screening process. This creates a freedom in the work that lends the artist a medium that has no
boundaries, limitations or defined lines. Hopefully making you stop and think or at least take a second
glance at what's in front of you and the world around you.
A lot of these posters were created for one specific event at one place and time, and were probably only
out in the public for a few days. Then it was shelved in someone's closet, forgotten about and in a way,
laid to rest. I feel as though these works should be seen again and again… and again. Hence one of the
purposes of this show—to re-expose art that never had its fully deserved audience.”
For the last decade, Panache has been corrupting minds through print and sound. Its initial inception was
back in 1998 as a music / art fanzine birthed out of the rural town of Eureka, California—the “emerald
triangle” of the Pacific Northwest. Originally created as a solvent to idle time in a small town, Panache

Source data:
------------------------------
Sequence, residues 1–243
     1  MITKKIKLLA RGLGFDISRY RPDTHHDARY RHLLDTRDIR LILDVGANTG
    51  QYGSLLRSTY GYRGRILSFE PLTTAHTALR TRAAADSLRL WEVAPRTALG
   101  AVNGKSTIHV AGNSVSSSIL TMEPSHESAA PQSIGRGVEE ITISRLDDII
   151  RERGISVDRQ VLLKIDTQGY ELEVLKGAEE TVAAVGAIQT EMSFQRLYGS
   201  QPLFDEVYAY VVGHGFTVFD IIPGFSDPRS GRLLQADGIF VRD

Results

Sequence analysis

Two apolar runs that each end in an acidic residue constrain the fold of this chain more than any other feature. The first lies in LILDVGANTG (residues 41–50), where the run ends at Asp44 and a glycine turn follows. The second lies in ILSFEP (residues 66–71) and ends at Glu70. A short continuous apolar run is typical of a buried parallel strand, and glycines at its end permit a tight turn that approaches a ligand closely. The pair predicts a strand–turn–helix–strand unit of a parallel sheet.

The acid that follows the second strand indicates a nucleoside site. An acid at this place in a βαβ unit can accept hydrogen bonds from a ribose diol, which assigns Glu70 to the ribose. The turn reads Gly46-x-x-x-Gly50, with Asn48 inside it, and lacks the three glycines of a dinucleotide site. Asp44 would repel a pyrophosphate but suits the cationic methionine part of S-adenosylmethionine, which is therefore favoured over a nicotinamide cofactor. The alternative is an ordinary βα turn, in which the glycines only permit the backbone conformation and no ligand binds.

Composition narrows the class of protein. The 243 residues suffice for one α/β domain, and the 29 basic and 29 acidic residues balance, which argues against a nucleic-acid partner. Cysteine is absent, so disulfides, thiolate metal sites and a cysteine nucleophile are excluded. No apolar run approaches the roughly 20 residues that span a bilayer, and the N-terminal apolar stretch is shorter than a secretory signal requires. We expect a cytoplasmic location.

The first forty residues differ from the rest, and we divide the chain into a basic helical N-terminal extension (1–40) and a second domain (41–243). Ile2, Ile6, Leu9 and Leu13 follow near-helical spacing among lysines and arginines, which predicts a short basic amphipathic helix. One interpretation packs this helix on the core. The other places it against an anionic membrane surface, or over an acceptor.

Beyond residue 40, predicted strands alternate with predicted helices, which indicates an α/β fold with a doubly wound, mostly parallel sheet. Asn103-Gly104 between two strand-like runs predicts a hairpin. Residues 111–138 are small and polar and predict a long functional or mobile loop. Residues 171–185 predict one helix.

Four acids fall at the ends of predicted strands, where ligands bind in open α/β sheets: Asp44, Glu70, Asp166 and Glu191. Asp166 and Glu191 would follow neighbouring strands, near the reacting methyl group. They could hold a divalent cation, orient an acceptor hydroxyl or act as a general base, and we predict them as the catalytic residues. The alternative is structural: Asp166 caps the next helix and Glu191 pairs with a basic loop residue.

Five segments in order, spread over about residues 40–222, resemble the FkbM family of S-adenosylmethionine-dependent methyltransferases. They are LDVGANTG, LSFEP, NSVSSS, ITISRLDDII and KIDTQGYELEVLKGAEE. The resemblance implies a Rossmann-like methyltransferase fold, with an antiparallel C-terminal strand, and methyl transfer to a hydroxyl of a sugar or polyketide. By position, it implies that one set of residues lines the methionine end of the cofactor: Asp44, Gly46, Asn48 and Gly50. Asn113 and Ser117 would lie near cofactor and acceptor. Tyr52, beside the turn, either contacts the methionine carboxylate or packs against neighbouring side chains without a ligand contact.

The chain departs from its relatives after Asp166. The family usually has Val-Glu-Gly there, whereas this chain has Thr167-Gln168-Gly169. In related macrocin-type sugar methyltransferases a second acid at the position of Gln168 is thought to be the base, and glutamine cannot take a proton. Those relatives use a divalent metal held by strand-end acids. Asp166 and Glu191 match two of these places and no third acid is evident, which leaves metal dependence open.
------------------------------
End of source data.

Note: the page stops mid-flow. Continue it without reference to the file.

quickly became a labor of love expanding from its first edition of 400 black and white photo-copied, handcollated issues to a distribution of 25,000 full-color magazine distributed both nationally & internationally.
The zine, which was always free, featured interviews with the likes of The Flaming Lips, Digital
Underground, Jonathan Richman, Bonnie Prince Billy, Stereo Total, Ex Models, and hundred of others. It
also showcased artists ranging from John Pound (Garbage Pail Kids creator) to New York's Urban Inks.
In the midst of managing 25 issues of the bi-monthly publication, Panache quickly became a local
promoter in the cities of its residence that include Eureka, San Francisco and most recently Brooklyn.
Over the last three years, Panache has morphed into a full-time booking agency, routing national and
international tours for their roster which features over 50 artists from the US, Japan, Europe, and Canada.
With nearly 3,000 shows under their belt, and several music festivals as well, Panache is thrilled to be
curating its first art show.
PROCESS & ALCHEMY: New Directions & Alternative
Processes in Screen-printing, Work from the Hand Print
Workshop International
In the words of HPWI Director Dennis O’ Neil, “powders,
waxes, resists and adhesives are just part of the alchemy that
has transformed collaborative screen printing and brought it
back from the brink of extinction nearly a decade ago with a
new face, new possibilities and challenges for a new age.”